Deep Cove is one of Vancouver’s most popular destinations for locals and tourists alike. The main attraction is the deep fjord that creates an impressive vista. It is often shrouded in clouds, offering a moody atmosphere with a distinctly Pacific Northwest feel. The fjord runs deep inland, sheltering it from most weather, so it is an ideal place for beginner paddlers. For those looking to experiment with overnights, carrying families, or who just want a short distance to paddle, Twin Islands is an ideal place to aim for. The Provincial Park is a popular area with some interesting viewpoints nearby.
Sourcing a boat is often the tricky part if you don’t already have one. Cove Kayak Centre is located right at the water's edge in Deep Cove Park to the south of the main jetty, and rentals here start at $99 for a single for 24 hours, and $139 for a single for 48 hours. Mountain Equipment Co-op also offers the same rentals for $40 per day and canoes for $35 per day.
Beyond boats you will need the usual paddling gear that is legally required: PFDs, bailer, spare paddle, and rope throwbag. Synthetic clothes and an extra set in a dry bag are always recommended. Be warned as rains can come suddenly all year long, so some type of waterproofing is a good idea. In the morning, heavy mist is common, so lights and a compass are good option if you plan to kayak in those conditions.
If you are bringing your own boat or renting one from MEC, you’ll want to turn into the park driveway and stop by the kayak centre. Look carefully for signs because it’s an easy turn off to miss. On the beach you will see several kayaks, canoes and paddleboards set out. These are generally the rentals coming and going. The beach itself is smooth pebbles, and it makes for a perfect launch spot. Do your best to stay out of the way; the staff stays busy all year long. Once you’ve pulled your gear out you can park your car a 5-minute walk away on Roe Street, which runs along Cates park. Overnight parking appears to still be allowed here.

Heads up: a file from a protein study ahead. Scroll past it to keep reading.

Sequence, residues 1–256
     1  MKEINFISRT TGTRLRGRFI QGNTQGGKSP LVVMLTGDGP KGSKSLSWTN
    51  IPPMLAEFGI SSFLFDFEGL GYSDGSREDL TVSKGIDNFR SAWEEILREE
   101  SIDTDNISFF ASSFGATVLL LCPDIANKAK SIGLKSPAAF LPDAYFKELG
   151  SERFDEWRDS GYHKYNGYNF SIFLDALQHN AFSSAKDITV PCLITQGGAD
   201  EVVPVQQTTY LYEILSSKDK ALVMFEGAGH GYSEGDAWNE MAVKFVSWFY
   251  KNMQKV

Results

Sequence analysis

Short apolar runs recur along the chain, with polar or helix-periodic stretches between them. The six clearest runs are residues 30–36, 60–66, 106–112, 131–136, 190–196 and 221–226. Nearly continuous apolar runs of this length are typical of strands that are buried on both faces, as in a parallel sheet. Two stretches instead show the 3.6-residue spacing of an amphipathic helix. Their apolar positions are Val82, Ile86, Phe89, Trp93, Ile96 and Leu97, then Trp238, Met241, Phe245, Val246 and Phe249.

Launching from the beach is easy, but it gets pretty busy pretty quick. The main jetty is often packed with water taxis coming and going. Be warned, as there are many unlicensed rental boaters coming and going. It’s best to keep closer to the shore where possible. You can also head directly east out of deep cove to get the inevitable open water crossing over with early. If you cross early you will pass Jug Island, it’s beaches, Belcarra, and then head up north toward Racoon Island. Racoon can make for a lovely stop if you’re taking things slow and want a midway stretch. There is a good beach on the north end of the island. About 1.5 kilometers past this is the first of Twin Islands.
Alternatively, if you follow the West Shore you will paddle beside cottages and homes for a couple of kilometers. It is a pleasant paddle with plenty of seals, herons and sometimes a black bear. Bald eagles fishing is also a common sight. Eventually you will have to cross over. Often aiming for the smaller, southern Twin Island is a good bet. At high tide you can paddle between the islands easily with good views to the rocks bellow. Halfway up the larger Twin Island on the eastern shore is the dock. It has three sides, one of which is specific a paddlecraft-only space. If you encounter motorboats parked here, feel free to move them.
From here you can explore the island. It is rocky and covered with tent platforms. The summit has lovely views, and walking to the north end gives a lovely perspective up the fjord, beside the lighthouse. Camping here is possible as well, should you choose to stay. Otherwise you can return along the opposite shore you came up.